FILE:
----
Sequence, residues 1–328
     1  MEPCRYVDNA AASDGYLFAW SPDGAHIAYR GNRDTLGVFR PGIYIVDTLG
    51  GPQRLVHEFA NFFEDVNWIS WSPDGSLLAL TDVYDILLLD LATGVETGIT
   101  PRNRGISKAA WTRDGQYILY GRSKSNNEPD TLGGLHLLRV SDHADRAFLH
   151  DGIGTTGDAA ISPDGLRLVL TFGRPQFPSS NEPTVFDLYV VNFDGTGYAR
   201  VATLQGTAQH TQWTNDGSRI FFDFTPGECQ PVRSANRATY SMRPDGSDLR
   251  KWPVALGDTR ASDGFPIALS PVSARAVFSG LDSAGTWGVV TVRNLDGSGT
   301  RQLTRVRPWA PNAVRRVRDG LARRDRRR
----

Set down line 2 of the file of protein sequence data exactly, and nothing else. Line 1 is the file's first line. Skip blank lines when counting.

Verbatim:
     1  MEPCRYVDNA AASDGYLFAW SPDGAHIAYR GNRDTLGVFR PGIYIVDTLG